Charles Hatfield reads from his book, "Hand of Fire: The Comics Art of Jack Kirby", next to his Eisner Award. Photo by Lee Choo.
The art of storytelling through single-image frames is as old as humanity itself. Fortunately, over time, papyrus, ink and the printing press were created to expand the audience of those stories from beyond a single cave. Today, comic books — or graphic novels, manga or any other form of genre — have kept that tradition alive for close to 80 years.
It’s a tradition that CSUN professor Charles Hatfield has lived and chronicled through classes as well as his latest book, “Hand of Fire: The Comics Art of Jack Kirby,” based on the life of the revered Marvel Comics illustrator who created or helped create some of the biggest characters in the universe: the X-Men, Hulk, Thor and Captain America. “Fire” is the first academic work to win the esteemed Eisner Award, given for creative achievement in American comic books. For Hatfield, it was a story he had been waiting a long time to tell.
“Kirby was something that I had a proprietary interest in as a 10 and 11 year old,” Hatfield said. “What little money I had … a lot of that went into following those things by Jack Kirby and appreciating and digging those things.” Kirby was one of the main influencers that would spark the professor’s love of comics, a world where the likes of Art Spiegelman (“Maus”), Harvey Pekar (“American Splendor”) and The Hernandez Brothers (“Love and Rockets”) are held in the same esteem as highly regarded contemporary authors. Teaching classes in the English department like “Superheroes in Comics & Culture” and “Portal Fantasies in Children’s Fiction and Film” is his way of growing the field of comics studies, one he believes some take too lightly.
“People think that because they see young readers who become accustomed to reading comics it has a semblance of simplicity,” Hatfield said. “But for me it’s really a complex kind of reading. I’ve seen young readers read comics with ease … but I’ve also seen students struggle to read those same texts in class.” He says there are many reasons why this could be, such as not being familiar with the form, or trouble with combining the tracks of text and images into one cohesive narrative.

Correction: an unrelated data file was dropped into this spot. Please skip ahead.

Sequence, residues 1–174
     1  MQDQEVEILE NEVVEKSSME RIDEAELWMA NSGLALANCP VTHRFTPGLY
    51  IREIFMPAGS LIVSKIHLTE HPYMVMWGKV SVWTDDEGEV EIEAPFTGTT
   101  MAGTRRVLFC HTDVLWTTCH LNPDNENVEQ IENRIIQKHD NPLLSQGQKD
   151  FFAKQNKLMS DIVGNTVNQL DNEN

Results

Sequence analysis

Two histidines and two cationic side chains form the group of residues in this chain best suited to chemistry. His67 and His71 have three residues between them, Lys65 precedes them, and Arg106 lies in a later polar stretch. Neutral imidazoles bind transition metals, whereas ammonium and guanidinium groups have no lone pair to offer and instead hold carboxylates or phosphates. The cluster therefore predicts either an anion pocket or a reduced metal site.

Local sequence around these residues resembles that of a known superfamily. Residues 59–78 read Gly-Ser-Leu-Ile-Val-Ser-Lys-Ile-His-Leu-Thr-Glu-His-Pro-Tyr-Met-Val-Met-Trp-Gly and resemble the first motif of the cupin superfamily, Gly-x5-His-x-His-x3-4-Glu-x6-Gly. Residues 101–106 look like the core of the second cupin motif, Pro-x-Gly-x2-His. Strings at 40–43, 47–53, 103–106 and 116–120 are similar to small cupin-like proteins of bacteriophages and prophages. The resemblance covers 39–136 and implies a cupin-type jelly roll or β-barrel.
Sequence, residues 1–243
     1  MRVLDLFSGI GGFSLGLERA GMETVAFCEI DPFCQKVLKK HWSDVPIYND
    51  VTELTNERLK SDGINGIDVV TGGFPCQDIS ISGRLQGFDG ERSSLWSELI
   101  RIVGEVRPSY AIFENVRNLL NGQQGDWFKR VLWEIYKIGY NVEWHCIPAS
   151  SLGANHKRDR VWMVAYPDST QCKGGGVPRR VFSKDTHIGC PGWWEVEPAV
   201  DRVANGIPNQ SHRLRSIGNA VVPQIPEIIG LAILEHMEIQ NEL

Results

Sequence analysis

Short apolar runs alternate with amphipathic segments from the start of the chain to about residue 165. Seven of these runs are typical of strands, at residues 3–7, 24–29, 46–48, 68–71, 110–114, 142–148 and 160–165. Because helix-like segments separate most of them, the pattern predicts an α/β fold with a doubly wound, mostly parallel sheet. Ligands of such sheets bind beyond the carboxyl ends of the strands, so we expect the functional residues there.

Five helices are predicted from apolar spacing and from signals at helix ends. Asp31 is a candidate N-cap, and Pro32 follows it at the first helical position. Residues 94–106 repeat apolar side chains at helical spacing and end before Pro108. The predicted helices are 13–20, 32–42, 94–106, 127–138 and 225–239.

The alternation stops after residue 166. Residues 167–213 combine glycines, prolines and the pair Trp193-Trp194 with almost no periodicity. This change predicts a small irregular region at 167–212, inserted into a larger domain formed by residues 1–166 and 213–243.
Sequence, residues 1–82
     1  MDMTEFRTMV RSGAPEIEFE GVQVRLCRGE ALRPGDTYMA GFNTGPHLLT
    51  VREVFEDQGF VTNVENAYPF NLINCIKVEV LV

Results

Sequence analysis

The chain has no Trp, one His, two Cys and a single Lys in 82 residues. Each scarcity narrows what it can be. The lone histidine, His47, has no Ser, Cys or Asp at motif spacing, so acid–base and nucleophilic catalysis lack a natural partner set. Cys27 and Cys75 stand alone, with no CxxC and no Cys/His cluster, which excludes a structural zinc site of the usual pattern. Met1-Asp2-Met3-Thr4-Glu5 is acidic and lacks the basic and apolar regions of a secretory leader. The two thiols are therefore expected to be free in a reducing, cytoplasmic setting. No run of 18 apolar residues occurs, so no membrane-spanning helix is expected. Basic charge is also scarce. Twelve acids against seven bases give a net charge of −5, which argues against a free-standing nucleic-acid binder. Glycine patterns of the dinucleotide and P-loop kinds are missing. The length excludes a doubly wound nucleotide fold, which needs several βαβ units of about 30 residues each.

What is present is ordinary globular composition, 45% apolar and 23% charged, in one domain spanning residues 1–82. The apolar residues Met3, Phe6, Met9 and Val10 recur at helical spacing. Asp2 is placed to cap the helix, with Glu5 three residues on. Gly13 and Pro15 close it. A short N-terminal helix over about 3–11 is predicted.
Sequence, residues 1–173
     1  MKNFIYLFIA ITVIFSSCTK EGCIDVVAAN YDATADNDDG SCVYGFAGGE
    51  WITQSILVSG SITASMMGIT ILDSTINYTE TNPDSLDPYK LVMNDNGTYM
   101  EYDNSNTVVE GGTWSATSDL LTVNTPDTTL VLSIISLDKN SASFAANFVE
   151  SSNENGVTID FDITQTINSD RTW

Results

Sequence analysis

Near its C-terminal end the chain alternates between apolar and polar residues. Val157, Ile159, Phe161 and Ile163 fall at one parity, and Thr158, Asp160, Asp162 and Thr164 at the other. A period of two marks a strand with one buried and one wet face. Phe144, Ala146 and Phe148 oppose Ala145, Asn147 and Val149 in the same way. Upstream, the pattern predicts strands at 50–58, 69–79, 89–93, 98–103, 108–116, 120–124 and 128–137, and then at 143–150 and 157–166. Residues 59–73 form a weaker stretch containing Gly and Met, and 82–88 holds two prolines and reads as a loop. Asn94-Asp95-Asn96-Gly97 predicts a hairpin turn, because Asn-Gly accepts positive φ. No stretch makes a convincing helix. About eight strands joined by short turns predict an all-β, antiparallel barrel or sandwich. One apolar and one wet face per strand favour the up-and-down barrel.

Eventually, Hatfield says most students become fans of the medium and believes it’s because humans have an innate ability to do what the cave dwellers in France drew on their walls over 35,000 years ago.
“A lot of children will verbalize stories while they draw them,” Hatfield said.
“They may draw the before and after of a story — here’s an airplane, here’s a bomb the plane drops, here’s the explosion, and here’s how the people and the animals respond. They’ll start a single drawing, and it’ll remain a single drawing, but it actually has a whole past-present-future thing implied in it.” It’s this implicit narrative that Hatfield believes is a big reason for why comics, in one way or another, are here to stay.
“The power of comics as a very intimate self-expressive medium has become clear to a lot of people through ’zines, through mini-comics, through punk publishing — the comics equivalent of garage rock or what hip-hop was when it was on a street corner in (the early ’80s).”
Hatfield believes that because the ability to tell stories is in everyone, it will keep people checking out comics. Being excited by the adventures of outcast mutants or a green hulking man is just a part of being human. For Hatfield, and the future Jack Kirbys of the world, it’s a culture worth expanding and exploring, if only to show the world there are no limits in the stories told, or yet to be told.